JACKSONVILLE, Fla. – "A scene out of Nightmare on Elm Street." That's how Eddrick Harrell describes Mount Olive Cemetery.
Harrell contacted the I-TEAM for help, asking us to investigate why the Northwest Jacksonville cemetery is falling apart and what can be done to clean it up.
"I pass by here on my way to work every day and people need to see that this is not the norm. This is not the way a cemetery should look," he said.
While meeting us at the cemetery, Harrell shows us three, large cement vaults, which are sitting on top of the grass. Several others are sticking out of the ground. In Duval County, all caskets must be placed in vaults before they are buried, and they are required to be placed at least 12 inches under the surface of the ground.
Harrell, who grew up in the neighborhood off 45th Street and Moncrief Road, says the vaults have looked like this for years.
"From the looks of it, no one cares," he said.
The I-TEAM also found several headstones that are broken and missing. Perhaps the most disturbing sight we discovered is a vault lid that's cracked wide open from a tree that fell.
You can see the casket inside, which is in pieces.
Jacksonville City Councilwoman Katrina Brown, who represents the district in which the cemetery is located, agreed to meet the I-TEAM at the cemetery.
"It's really sad, Jennifer, and it really hurts my heart to see this. When you hear about stuff, but actually see it, it really breaks my heart," Brown said as we looked at the damaged vault.
Advocates for Northwest Jacksonville neighborhoods, Denise Hunt and Ben Frazier accompanied Brown and were deeply concerned about the condition of the cemetery.
"This is disgusting. This is vile. They need to fix this ASAP. It is a disturbance of our sacred burial ground for African- Americans," said Hunt. "I'm getting sick just looking at it. It's making me want to vomit," she said.
'We must do something different. The argument, that it has been this way for a long time, is a no-brainer," said Frazier. "The question is, what are we going to do about it now?"
The group was appalled to see what we showed them next. We discovered what looks like an old sewer pipe uncovered next to a grave. It is about three feet deep with muddy water in the bottom.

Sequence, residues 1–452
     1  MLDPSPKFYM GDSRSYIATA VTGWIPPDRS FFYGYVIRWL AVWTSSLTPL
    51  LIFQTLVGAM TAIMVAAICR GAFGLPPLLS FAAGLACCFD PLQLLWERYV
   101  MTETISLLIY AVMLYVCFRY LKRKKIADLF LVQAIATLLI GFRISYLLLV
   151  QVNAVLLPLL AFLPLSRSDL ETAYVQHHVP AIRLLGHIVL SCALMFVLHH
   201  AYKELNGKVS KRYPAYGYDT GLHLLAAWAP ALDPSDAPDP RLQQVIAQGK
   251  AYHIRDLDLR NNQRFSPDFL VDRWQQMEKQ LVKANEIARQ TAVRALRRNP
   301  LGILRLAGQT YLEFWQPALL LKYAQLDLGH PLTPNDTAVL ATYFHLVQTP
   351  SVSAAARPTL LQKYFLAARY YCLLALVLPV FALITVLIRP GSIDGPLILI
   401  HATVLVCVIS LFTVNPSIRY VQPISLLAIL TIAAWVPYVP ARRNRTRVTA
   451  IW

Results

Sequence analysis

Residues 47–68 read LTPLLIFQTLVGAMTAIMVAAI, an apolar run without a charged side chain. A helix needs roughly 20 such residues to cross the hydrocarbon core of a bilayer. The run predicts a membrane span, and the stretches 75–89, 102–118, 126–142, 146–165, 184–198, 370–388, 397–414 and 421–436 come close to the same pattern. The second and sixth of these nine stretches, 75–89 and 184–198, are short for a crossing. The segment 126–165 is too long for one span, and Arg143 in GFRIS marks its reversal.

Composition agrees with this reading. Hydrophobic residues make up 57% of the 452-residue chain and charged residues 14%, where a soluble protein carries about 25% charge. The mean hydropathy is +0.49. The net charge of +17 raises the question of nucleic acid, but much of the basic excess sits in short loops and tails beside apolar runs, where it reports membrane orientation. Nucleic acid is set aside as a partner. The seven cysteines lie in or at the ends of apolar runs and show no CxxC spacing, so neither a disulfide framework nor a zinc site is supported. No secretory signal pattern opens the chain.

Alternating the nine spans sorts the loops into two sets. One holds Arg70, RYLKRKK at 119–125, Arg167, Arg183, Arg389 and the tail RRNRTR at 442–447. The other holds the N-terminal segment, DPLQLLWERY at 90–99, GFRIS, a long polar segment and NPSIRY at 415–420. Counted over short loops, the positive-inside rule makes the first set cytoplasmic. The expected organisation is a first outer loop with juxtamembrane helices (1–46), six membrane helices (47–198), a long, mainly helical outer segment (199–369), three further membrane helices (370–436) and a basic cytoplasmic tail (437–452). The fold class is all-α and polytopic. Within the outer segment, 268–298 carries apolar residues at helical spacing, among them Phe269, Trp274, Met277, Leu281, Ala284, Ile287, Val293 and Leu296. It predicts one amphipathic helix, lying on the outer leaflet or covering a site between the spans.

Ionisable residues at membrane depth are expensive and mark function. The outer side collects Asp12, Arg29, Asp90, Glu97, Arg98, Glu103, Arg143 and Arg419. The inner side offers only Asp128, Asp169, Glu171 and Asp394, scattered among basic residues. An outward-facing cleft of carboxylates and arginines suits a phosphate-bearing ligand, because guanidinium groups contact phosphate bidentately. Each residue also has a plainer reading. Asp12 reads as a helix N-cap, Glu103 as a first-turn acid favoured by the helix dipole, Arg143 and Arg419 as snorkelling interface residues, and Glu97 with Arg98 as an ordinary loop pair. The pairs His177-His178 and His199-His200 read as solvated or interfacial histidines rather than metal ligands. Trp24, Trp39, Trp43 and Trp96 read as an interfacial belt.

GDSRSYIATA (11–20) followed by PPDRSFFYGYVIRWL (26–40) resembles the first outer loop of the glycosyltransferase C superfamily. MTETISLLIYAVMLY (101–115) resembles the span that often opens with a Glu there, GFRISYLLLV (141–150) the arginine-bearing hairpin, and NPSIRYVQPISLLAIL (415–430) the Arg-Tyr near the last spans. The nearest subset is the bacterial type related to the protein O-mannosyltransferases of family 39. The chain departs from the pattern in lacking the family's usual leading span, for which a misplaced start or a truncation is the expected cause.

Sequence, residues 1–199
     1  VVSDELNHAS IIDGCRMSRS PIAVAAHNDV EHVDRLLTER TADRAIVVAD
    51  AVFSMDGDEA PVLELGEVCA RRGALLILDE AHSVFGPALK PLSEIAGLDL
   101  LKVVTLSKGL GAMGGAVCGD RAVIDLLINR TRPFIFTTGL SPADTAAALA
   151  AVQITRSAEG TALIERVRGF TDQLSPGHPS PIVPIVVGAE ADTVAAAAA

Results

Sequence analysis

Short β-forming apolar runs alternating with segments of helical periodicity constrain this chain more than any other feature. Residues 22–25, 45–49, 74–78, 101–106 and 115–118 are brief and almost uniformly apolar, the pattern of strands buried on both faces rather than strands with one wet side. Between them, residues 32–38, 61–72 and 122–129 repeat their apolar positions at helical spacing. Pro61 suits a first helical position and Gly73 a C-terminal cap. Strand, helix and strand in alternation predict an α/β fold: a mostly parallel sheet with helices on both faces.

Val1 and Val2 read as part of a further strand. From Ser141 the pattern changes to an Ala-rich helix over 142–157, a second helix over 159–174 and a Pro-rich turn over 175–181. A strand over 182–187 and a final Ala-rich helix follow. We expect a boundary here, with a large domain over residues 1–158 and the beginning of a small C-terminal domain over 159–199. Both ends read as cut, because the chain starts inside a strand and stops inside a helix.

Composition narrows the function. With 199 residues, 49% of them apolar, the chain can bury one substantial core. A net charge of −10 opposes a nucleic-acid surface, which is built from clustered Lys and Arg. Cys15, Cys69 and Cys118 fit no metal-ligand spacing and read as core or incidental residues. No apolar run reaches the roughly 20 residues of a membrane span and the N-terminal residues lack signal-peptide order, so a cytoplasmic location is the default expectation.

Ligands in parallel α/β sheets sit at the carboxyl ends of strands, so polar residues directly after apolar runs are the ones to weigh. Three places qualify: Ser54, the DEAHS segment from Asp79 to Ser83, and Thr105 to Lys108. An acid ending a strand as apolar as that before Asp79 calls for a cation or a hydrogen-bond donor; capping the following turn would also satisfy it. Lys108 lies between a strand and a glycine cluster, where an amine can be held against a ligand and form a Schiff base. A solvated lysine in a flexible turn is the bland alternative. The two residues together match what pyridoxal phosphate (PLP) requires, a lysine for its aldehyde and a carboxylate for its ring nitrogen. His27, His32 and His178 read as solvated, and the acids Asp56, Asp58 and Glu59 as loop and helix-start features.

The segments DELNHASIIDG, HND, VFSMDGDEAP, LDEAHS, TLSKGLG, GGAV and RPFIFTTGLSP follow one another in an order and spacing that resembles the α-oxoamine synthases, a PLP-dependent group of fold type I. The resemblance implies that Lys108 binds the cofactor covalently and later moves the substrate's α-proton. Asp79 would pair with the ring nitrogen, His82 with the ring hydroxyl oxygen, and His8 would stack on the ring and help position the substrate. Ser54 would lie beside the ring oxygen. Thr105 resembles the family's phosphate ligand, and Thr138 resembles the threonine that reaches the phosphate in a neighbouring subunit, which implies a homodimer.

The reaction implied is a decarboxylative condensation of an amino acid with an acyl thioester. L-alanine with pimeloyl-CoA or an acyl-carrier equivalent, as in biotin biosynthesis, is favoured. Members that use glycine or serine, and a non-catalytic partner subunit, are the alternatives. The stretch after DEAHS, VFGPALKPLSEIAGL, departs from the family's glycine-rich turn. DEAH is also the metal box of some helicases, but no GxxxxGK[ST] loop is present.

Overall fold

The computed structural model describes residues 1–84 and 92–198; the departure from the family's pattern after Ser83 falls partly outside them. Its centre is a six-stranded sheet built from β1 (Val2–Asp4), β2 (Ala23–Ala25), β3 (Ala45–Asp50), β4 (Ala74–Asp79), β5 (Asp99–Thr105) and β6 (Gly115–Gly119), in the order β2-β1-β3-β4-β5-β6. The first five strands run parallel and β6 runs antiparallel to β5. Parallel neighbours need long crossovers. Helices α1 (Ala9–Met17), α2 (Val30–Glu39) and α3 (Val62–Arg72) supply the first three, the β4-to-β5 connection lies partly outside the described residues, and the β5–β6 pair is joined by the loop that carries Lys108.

"This is unsafe, a very unsafe issue," Brown said.
"We got children next door, what if a child fell in there, out here playing? You'd never know he was in there," said Hunt.
There is an apartment complex across the street from the cemetery and St. Claire Evans Academy Elementary School is next to the apartments.
Brown says the problem is the cemetery was abandoned years ago, so there is no owner to hold responsible for the repairs.
We found many of the headstones date back to the late 1800s and several military veterans are buried in the dilapidated cemetery.
According to a newspaper article published seven years ago, Mount Olive Cemetery is one of four graveyards -- once a well-groomed resting place -- for wealthier African-American Jacksonville residents.
They were owned by A.L. Lewis, who was the city's first African-American millionaire back at the turn of the 20th century. We were unable to track down the most recent owner.
A property search on the city of Jacksonville's property appraiser's website indicates it was sold in 1954, but does not reveal the name of the buyer.
The city of Jacksonville agreed a few years ago to take over maintenance at the cemetery, which only includes lawn care and trash. Brown said those services are only performed between April and November.
When we interviewed Brown in March, she called the city's public works department right after and had a crew cover the hole until dirt could be brought in to fill it. That has now been done. Contractors were also sent to the cemetery to mow the lawn and to pick up the trash.
Brown said a contractor has now been hired to remove the tree stump and cover the damaged graves. Still uncertain though, is if the city will be able to allocate the money needed to rebury the vaults sitting on the grass.
"I am going to work real hard to see how I can help, but it takes 10 [city council] votes, working with the mayor's office and working with state legislators. We're going to have to rally the community up and voice their concerns," Brown said.
She urges concerned citizens to call the city council and the mayor's office by dialing 630-CITY (2489).